The roof is responsible for about 15 to 20 percent of the building’s energy load, Hoff says. By increasing its insulation, facility executives can make sure the roof pulls its weight in meeting energy efficiency goals so that other building systems don’t have to compensate for it. For example, to achieve a whole-building energy reduction of 10 percent over ASHRAE 90.1-2007, the minimum required by LEED 2009, the proportional roof R-value would be 22.2 in ASHRAE climate zones 2 through 5. To achieve a 20 percent energy savings, the R-value for the same region would be 25.

Increased insulation leading to increased energy efficiency and savings is not breaking news. But most commercial buildings in the United States are nevertheless under-insulated. “In low-rise buildings, the majority of the energy is lost through the roof,” Silvertooth says. “We need to do a better job of insulating on the front end.”

However, as with any decision affecting a building system, insulation values for the roof cannot be decided in a vacuum. There is a point of diminishing returns, so the appropriate level of insulation depends on myriad factors, such as building use and location.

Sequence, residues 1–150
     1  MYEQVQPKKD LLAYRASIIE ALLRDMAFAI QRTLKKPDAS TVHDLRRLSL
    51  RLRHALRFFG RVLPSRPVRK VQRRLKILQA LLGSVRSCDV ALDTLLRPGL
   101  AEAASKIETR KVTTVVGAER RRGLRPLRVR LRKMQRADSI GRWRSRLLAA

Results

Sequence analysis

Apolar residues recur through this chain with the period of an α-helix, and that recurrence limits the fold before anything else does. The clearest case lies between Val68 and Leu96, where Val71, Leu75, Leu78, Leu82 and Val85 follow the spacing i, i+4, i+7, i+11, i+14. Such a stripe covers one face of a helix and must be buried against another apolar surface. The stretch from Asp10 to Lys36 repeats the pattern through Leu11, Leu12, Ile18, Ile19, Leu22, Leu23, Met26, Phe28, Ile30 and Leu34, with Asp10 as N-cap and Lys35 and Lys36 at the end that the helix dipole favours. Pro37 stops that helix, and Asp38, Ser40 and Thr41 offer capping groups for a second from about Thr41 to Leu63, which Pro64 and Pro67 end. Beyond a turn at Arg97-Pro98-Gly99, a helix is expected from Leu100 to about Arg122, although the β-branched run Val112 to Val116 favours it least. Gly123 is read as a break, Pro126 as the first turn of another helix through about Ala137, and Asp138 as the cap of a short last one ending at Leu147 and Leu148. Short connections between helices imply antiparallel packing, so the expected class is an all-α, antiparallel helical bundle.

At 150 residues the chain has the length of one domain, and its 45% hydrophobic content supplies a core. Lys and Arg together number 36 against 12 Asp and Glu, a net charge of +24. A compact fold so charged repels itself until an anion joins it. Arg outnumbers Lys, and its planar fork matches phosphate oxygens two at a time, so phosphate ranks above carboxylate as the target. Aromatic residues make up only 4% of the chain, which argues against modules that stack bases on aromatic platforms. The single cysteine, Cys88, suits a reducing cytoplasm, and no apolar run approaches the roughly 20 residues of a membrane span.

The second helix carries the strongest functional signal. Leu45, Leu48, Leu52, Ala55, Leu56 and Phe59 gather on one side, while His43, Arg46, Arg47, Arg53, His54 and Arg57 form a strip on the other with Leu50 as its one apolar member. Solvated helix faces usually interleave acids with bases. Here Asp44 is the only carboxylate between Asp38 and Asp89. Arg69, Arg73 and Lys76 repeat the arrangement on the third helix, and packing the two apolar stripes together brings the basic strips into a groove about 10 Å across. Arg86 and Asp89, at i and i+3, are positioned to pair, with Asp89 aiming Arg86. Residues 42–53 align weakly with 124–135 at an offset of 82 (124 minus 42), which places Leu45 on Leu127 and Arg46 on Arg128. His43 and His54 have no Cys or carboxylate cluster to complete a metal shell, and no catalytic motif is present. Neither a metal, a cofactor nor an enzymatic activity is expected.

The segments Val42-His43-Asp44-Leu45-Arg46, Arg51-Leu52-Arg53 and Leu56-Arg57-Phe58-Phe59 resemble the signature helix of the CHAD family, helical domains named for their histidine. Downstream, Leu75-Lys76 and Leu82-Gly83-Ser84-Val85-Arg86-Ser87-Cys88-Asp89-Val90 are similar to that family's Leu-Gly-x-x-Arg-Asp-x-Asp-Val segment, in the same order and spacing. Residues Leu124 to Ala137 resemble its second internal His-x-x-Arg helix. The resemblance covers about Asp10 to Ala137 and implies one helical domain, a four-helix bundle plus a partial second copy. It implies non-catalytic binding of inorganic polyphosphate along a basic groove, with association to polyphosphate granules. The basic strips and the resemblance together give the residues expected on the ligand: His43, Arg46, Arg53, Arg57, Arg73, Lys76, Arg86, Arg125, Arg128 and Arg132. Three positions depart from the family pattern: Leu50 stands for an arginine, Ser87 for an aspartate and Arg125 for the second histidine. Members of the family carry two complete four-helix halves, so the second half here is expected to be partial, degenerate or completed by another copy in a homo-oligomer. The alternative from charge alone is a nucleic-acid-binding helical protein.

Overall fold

Another option for increasing the R-value of a roof is to install a vegetative roof. The thickness of the planting medium provides the bulk of the benefit. The extra weight of a vegetative roof puts this option out of reach for some facilities, but the benefits that can come from this roofing strategy make it worth some consideration.


The 4 Billion-Square-Foot Gorilla

Even though roofs are one the largest building systems, they have historically been nearly invisible when it comes to green initiatives.

“The roof has not been viewed as a strategic asset or platform,” says Craig Silvertooth, executive director of the Center for Environmental Innovation in Roofing (CEIR). “It’s still a small percentage of buildings that are embracing energy efficiency in the roof.”

There are several reasons for this. Green building programs, such as LEED, have primarily focused on new construction, leaving existing roofs unaddressed. And even when the roof is mentioned as part of a larger energy efficiency strategy in a green building model, the roof-specific language is often buried and easy to overlook.

To top it all off, the current financial environment is making building owners hesitant to reach for a more energy-efficient roof, says Silvertooth.

But a change in perception of the roof’s role is coming.

“In the design phase, any architecture firm of stature is considering it,” says Richard Nugent, Nations Roof CEO. “It might not be for a LEED certification, but for anticipating an eventual issue, like accounting for their carbon footprint.”

Government mandates, building codes and CFOs suddenly paying more attention to the cost of energy are also driving the market, as well as attitudes toward social and corporate responsibility.

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  posted on 7/17/2009   Article Use Policy